Tag Archives: Putting Food By

Philly’s Easy Kim Chi

Recipe and photos by Philly Markowitz

Finished Kimi Chi w/Rice
Finished Kimi Chi w/Rice

This is a non-traditional recipe for those who don’t have easy access to dried shrimp or don’t want to use it. It makes about 3.5 litres –
if you have a glass gallon jar it will be the perfect size to hold the batch.

As the recipe makes a gallon, it’s great for hostess gifts and parties. Or, you can change the number of servings on the selector below, and the site will automatically divide the recipe for you.

Joel’s Smoked Mackerel Kim Chi

Recipe by Joel Loughead, photo by Gayle Hurmuses

A Canadian fusion Kim Chi, very non-traditional, inspired by the availability of ingredients in Joel’s kitchen one night.

“My kimchi recipe was dead simple. i accidentally realized i had the ingredients on hand so i just threw it together.

i used smoked mackerel because i had part of one laying around! from what i understand, traditional korean kimchi often uses all sorts of seafood–dried shrimp, anchovies, i’ve even heard raw oysters! i thought smoked mackerel would work, and behold, it did. you can pick it up at any decent grocer. check the seafood section.”

Philly, who did one of our other Kim Chi recipes says of Joel’s version:

“Smokey and delicious; a deep complex flavour. Over rice, it would be a meal”. 

Chai packets

Recipe, article and photos by Gayle Hurmuses

I love chai, but am not a fan of commercial blends, preferring to make my own. This recipe is my personal blend.

Make sure to always buy the freshest spices you can get. They do last quite a while at some level, but you’ll notice the difference as soon as you get something fresh and new. I had this brought home to me last year at SIAL Canada where I tasted spices that were directly off of plantations. The difference between these and my ‘pretty fresh’ spices was dramatic.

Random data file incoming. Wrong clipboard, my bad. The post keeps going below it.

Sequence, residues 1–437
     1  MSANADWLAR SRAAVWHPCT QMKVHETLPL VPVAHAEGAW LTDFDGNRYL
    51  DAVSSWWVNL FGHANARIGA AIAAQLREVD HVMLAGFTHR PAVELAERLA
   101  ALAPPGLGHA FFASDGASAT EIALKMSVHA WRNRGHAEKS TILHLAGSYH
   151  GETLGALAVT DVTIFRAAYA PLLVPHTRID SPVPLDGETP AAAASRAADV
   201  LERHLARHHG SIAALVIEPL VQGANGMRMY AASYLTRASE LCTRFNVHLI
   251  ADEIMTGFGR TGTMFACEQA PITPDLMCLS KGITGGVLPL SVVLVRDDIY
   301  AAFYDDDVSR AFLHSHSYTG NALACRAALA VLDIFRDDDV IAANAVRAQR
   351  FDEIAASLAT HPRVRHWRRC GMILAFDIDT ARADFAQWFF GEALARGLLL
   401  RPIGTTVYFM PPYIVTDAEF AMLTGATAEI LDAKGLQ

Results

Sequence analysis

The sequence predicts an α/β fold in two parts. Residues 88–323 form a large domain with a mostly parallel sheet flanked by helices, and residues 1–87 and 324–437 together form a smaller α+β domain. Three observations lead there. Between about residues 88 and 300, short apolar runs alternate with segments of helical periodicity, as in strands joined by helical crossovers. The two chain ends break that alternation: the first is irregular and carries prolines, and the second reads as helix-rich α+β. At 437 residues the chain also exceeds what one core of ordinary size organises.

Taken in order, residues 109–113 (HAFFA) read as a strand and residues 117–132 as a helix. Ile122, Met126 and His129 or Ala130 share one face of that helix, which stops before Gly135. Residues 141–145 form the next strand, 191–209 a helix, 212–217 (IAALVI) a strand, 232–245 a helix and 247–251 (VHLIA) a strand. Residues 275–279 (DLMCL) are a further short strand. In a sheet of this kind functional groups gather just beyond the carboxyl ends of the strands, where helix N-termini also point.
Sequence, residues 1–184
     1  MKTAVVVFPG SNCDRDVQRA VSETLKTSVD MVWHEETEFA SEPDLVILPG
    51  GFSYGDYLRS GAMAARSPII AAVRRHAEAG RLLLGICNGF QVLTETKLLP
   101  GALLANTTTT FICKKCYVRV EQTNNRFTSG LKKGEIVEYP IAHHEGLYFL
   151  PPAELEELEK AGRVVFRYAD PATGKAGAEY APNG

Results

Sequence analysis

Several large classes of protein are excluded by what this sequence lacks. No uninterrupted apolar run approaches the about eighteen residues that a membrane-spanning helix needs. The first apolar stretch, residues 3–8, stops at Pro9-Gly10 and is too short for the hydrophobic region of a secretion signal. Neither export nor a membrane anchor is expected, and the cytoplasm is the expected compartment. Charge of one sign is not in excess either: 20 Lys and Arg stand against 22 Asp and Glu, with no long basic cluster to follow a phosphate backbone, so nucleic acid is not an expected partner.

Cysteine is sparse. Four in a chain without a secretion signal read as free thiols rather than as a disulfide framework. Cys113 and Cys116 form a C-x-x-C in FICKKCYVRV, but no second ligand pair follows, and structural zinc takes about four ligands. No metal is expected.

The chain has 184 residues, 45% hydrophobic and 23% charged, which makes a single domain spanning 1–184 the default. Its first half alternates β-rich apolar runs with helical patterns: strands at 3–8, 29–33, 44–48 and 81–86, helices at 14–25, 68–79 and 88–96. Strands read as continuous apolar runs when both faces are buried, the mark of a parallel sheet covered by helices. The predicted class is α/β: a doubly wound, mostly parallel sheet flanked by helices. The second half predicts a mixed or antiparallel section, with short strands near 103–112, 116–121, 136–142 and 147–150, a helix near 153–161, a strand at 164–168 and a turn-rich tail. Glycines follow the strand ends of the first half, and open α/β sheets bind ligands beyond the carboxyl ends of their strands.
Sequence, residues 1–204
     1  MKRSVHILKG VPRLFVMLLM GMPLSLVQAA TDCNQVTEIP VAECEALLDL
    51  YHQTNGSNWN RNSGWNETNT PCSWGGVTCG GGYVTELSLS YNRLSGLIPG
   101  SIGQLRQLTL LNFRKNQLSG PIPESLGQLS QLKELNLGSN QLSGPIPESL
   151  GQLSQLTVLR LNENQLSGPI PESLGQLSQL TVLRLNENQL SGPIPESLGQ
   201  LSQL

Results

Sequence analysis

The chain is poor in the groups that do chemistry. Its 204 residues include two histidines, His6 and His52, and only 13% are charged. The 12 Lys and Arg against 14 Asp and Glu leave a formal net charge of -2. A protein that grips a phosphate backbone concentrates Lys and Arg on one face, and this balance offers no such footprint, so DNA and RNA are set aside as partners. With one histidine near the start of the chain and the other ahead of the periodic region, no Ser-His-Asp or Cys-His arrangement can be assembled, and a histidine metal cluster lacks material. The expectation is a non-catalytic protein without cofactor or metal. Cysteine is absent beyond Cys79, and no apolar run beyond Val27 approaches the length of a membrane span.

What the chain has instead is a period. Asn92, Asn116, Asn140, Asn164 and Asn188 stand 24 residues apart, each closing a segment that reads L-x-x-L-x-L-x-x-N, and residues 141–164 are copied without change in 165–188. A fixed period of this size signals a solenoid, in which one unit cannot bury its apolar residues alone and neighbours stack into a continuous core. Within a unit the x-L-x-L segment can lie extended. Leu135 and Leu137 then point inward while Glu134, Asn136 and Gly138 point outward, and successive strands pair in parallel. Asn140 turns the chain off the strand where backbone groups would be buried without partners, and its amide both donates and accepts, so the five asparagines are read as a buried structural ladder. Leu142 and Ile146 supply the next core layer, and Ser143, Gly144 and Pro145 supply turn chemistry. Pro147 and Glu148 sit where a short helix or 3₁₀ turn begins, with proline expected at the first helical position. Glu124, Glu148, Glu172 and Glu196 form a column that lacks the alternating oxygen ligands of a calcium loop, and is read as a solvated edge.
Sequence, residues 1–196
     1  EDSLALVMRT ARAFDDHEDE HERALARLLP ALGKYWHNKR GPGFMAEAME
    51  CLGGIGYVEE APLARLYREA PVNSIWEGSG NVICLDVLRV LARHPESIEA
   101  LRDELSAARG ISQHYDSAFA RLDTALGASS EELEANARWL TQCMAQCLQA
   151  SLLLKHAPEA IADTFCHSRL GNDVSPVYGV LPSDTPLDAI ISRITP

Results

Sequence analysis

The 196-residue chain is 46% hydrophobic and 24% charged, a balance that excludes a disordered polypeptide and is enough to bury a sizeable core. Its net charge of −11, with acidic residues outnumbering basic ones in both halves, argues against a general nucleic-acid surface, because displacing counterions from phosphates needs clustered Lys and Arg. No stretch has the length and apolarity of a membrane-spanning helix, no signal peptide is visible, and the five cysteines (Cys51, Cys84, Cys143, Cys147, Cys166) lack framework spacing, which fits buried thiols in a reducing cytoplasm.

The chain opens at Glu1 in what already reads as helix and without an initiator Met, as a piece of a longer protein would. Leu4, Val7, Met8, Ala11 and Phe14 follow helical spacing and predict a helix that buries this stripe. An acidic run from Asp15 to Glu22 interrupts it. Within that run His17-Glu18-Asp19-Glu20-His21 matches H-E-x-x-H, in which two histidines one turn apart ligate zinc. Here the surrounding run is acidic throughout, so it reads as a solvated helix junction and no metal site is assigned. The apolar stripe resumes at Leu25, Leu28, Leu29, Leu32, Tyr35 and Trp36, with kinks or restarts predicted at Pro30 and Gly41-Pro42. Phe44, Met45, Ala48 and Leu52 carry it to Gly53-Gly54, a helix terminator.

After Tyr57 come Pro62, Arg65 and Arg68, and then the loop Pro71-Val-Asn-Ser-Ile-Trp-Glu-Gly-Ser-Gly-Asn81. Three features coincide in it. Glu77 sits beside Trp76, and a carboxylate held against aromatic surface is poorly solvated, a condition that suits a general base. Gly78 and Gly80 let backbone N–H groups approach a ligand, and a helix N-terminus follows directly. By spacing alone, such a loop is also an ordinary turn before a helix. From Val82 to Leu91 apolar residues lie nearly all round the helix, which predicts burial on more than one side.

Also, be sure that you are using genuine cinnamon, which has many feathery layers curling around each other like a crinoline, where cassia, which can legally be sold as cinnamon, but isn’t really the same thing, has only the single thick layer. There are huge flavour differences, and cassia does not have the health benefits of true cinnamon. I enjoy having the vanilla in the cup as well, but it’s an expensive indulgence and the tea is still good without it. My standard tea for this is orange pekoe, but Earl Grey blends  an also be a nice addition.

These instructions in this recipe are for making a single pot of chai, but since the biggest amount of bother with making the tea is getting all the ingredients assembled, I make enough for 20 pots of tea at a time and keep it all in individual snack bags. If you keep pinch pots or small fruit dishes, those are great to use as receptacles for the spices both for containing the ingredients and for preparing the mixtures before putting them into the bags.